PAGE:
Svartifoss is also known as the Black Falls. It is located in the Skaftafell National Park. There is a large paid parking lot, which was annoying. First, head to the visitor centre to pay for parking and get a map, then begin the hike! You walk along the 3km hiking path past two waterfalls before reaching Svartifoss. Svartifoss was my second favourite waterfall after Kirkjufellsfoss. The basalt columns framing the waterfall really make the falls unique. The only downfall is that we are now in the touristy zone, and the tourists are awful. Sarah would often point out that we were tourists but I believe there are two types of sightseers: tourists and travellers. This is still a hot button issue over here.

Let me explain the difference between tourists and travellers. Tourists travel without thought or conscience whereas travellers are aware of themselves being guests. For example, a tourist may think that their cultural norms apply everywhere in the world whereas travellers try to adopt the language and culture of the local people. Another example, which applies to Svartifoss and other parts of Iceland, is the fact that fences and signs do not apply to tourists but travellers will abide by local rules and customs.

At Svartifoss there is a fence to protect the natural wonder as well as the people. The basalt columns fall, and could injure someone. However, the whole time we were there at least one person would go around the barrier to either take a photo or in some cases just hang out and be “cooler”.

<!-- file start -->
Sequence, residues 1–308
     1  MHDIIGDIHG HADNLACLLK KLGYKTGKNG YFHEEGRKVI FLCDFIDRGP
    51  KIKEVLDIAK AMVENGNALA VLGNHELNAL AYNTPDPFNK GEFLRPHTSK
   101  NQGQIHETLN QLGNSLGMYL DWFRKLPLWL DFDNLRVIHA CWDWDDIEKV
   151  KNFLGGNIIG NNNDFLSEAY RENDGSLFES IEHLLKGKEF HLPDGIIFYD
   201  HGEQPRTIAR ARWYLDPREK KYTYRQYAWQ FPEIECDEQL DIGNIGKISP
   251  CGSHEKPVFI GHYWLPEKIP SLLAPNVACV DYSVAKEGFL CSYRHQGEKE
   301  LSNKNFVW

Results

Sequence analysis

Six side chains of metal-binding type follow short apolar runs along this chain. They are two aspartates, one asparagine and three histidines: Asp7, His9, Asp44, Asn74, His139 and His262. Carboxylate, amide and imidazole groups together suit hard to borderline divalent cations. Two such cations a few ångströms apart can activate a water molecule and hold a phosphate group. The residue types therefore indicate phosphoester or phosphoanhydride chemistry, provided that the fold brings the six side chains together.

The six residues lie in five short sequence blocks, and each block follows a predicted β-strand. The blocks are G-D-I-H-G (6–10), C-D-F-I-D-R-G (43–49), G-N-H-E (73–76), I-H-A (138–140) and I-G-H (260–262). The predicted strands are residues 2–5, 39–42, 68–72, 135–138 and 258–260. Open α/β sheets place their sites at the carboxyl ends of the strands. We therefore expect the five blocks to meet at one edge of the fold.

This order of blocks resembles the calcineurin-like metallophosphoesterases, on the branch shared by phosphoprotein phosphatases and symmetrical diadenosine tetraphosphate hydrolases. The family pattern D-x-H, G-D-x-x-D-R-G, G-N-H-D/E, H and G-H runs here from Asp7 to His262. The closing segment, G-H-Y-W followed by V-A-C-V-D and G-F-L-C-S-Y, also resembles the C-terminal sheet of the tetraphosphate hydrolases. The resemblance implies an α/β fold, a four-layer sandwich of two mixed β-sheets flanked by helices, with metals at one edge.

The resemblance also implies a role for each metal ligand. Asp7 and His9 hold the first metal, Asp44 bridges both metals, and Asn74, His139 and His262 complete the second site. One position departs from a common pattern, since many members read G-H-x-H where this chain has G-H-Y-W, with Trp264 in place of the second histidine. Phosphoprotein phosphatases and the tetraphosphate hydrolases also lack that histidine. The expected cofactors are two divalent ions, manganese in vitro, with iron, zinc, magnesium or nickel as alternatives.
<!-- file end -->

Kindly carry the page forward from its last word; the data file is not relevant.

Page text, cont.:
This green canyon is truly a natural wonder. I have a hard time describing it in a way to do it justice. There is a river cutting through this amazingly green canyon. You can walk along the top of the canyon which gives you many different views. There was one guy who had a drone, and while I usually would think that drones are annoying, the views he got as he flew through the canyon must have been pretty epic. Fewer people go here because the road is pretty rough. There is very limited parking so as the site gets more popular it may become less accessible.

Also, on a slightly disturbing side note, when we were going to leave and use the restrooms before continuing the drive I stumbled across something. The unit I chose had been absolutely destroyed by a previous visitor. I don't know if they had some of that putrified shark before or what, but the amount of human waste I saw had me observing a moment of silence for one of our likely lost comrades.


Vik was the third most metropolitan city in Iceland that we saw. There is a mall that has a large Icewear store, Bonus, and a cafe. I don't remember if I have gone on about my new favourite caffeinated beverage yet on this blog, but I was able to get one here. Swiss mochas may be the most heavenly beverage I have had. I don't know why they have been kept secret from Canadian cafes, but we are really missing out here. A Swiss mocha is made by melting chocolate into the steamed milk which makes is delicious times ten (Sarah edit: Braedyn speaks wistfully of Swiss mochas while drinking eggnog lattes in Edmonton cafes these days).

In Vik we also hiked from the main campground  up to the prominent church on the hill (highly visible from most anywhere in Vik). From the top of the hill we could see the famous sea stacks and the entire town. This is also where we interacted with the famous Icelandic horses that we saw across the country. They took a special liking to Sarah, and even tried to nibble on here Icelandic sweater.